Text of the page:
Close to a million people in Beirut can no longer afford basic necessities, and children are likely to starve to death this year, the charity Save The Children said Wednesday.
The group said 910,000 people, more than half of them children, in the Greater Beirut area no longer have sufficient amounts of food because of the economic crisis. "We will start seeing children dying from hunger before the end of the year," said Jad Sakr, acting country director of Save the Children in Lebanon.
Lebanon is one of the most indebted countries in the world, with sovereign debt of more than 170% of gross domestic product (GDP). After the country for the first time defaulted on its sovereign debt in March, the government pledged reforms and in May started talks with the International Monetary Fund (IMF) for unlocking billions of dollars in aid. But 16 meetings later, talks between crisis-hit Lebanon and the IMF are deadlocked, and leaders have remained reluctant to enact reforms.
"This crisis hits everybody, Lebanese families, Palestinian and Syrian refugees alike," Sakr said. The charity recounted the case of a young Syrian mother living in southern Lebanon whose 9-year-old daughter offered to sell tissues on the highway so her siblings would not starve.
The rights group urged the government of Lebanon, which has yet to strike a deal with the IMF for emergency aid, to set up assistance mechanisms covering the basic needs of the most vulnerable.
Lebanon's economic crisis is getting out of hand, the U.N. rights chief warned in July, calling for urgent internal reforms coupled with international support to prevent further mayhem. "This situation is fast spiraling out of control, with many already destitute and facing starvation as a direct result of this crisis," Michelle Bachelet, the U.N. high commissioner for human rights, said in a statement.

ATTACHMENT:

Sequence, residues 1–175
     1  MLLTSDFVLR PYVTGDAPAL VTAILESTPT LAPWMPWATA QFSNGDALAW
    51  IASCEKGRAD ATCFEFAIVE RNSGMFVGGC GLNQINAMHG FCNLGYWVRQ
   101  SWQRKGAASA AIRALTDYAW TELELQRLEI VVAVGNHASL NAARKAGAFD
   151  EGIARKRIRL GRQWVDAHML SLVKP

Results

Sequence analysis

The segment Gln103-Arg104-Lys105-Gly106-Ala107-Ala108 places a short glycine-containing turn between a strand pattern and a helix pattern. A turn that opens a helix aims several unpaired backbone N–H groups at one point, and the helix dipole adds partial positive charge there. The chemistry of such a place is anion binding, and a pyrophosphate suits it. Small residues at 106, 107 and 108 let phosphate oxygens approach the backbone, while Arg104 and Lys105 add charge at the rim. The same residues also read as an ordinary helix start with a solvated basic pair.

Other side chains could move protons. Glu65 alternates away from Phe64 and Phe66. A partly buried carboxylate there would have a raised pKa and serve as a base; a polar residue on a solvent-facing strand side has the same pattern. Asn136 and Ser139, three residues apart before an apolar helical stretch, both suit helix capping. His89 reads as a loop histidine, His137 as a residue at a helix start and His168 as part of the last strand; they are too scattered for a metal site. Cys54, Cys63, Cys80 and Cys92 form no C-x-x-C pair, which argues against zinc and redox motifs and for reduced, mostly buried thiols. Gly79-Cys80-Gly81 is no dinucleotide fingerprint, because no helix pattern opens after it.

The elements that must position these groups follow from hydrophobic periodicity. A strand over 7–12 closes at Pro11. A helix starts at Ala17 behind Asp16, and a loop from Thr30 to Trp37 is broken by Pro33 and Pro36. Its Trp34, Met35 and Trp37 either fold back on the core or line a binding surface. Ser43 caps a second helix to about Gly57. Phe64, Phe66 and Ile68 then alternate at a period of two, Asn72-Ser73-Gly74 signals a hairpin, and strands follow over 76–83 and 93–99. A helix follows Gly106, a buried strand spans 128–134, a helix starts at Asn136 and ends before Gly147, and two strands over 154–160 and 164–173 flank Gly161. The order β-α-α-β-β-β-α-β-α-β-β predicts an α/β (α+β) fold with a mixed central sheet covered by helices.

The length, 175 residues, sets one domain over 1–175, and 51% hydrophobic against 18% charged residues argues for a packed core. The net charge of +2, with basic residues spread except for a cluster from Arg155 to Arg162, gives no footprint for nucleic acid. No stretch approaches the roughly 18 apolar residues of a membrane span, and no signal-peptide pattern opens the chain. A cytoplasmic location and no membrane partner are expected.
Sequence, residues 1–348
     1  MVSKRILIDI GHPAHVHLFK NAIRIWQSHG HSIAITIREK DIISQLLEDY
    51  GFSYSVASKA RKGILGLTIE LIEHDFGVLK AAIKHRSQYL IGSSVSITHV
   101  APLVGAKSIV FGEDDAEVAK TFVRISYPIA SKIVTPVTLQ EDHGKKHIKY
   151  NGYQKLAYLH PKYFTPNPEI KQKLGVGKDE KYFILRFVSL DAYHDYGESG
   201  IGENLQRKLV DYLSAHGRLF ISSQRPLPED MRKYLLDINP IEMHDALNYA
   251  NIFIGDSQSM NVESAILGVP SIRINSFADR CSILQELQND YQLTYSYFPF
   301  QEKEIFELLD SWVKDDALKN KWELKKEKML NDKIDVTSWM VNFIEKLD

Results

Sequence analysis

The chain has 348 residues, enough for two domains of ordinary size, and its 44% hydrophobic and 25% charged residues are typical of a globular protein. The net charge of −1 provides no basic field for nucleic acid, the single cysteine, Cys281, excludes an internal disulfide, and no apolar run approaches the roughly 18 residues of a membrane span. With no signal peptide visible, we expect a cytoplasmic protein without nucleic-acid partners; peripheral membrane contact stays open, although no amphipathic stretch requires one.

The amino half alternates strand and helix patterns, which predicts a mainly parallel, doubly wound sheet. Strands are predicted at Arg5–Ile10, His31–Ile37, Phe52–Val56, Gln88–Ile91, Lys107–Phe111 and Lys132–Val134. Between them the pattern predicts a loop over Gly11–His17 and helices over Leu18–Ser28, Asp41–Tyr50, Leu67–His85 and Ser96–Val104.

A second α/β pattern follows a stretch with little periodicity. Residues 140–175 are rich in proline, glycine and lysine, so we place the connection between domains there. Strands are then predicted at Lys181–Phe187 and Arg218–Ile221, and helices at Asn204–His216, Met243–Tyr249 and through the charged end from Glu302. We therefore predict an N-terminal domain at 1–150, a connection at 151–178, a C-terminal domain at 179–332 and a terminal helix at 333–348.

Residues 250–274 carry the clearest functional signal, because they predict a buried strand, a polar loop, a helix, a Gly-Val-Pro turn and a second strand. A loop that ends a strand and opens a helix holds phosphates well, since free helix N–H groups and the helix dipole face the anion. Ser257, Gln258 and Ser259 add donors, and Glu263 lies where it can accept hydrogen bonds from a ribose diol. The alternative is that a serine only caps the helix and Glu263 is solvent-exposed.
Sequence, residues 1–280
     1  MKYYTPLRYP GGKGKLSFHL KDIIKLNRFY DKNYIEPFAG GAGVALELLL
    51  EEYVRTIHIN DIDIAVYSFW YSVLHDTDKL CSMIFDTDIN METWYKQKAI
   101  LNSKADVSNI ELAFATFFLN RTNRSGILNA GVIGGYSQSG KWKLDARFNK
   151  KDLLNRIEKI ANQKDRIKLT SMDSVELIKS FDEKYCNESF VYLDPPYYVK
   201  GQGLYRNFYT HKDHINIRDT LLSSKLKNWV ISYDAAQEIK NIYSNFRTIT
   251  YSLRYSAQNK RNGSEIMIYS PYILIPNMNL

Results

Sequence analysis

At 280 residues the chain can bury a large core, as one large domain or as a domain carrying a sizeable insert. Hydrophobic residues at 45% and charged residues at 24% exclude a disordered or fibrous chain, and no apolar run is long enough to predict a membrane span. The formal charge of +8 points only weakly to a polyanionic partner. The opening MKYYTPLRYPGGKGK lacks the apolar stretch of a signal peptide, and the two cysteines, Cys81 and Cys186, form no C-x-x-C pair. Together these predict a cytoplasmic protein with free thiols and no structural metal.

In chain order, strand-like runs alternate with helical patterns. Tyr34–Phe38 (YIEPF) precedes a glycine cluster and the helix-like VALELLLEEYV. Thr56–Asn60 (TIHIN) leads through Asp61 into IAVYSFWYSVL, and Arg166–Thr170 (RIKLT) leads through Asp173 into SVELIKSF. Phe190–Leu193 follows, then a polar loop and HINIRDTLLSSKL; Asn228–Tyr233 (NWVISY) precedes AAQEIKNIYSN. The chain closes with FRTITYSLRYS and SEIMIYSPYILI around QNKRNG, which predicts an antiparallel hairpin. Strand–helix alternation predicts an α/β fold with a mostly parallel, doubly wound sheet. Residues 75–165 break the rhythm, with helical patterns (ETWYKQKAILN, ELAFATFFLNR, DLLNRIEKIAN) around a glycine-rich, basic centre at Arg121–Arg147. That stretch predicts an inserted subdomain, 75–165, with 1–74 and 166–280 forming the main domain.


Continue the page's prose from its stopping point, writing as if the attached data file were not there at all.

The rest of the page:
Since October, the deepening turmoil has sparked mass protests demanding the wholesale removal of a political class seen as incompetent and corrupt. The crisis has shot poverty up to almost 50% and unemployment to 35%. In recent days, the Lebanese pound fetched more than 9,000 to the greenback on the black market. With prices soaring, many can no longer afford to fill their fridges, while others have started bartering clothes or household items online for formula and diapers. Four Lebanese killed themselves last week in suicides apparently linked to the economic downturn.
Lebanese have been enduring hours of blackouts, revealing the ongoing misery of the country's economic collapse. Many residents get less than two hours of electricity a day, and many people say the blackouts are worse than during the 1975-1990 civil war. Parts of the capital Beirut now get just a few hours of electricity a day in the summer heat. The country's energy minister has cited stockpiling as one of several reasons behind the shortages, with people buying subsidized fuel as a hedge against inflation. "Instead of buying gold, people are buying diesel," Raymond Ghajar said recently.
The main challenge faced by the Lebanese people appears to be the current political system. From October to January, mass protests were held demanding fundamental change to the political system. Former Prime Minister Saad Hariri, who included Hezbollah members in his Cabinet, resigned in late October in the face of major street protests. His resignation led to another crisis, as parties failed to reach a compromise for a new government. The movement was initially launched in reaction to a proposed tax on internet call services such as WhatsApp but has since gained momentum as anger continues to grow against the ruling elite and the country’s political system at large. At the national level, the protests aim to address the deterioration of economic opportunities in the country. High unemployment, high tax rates, a lack of infrastructure, energy shortages and limited access to basic needs have all been sources of public frustration. The coronavirus pandemic has exacerbated the situation in the country, with the government extending measures to curb the spread of the virus.
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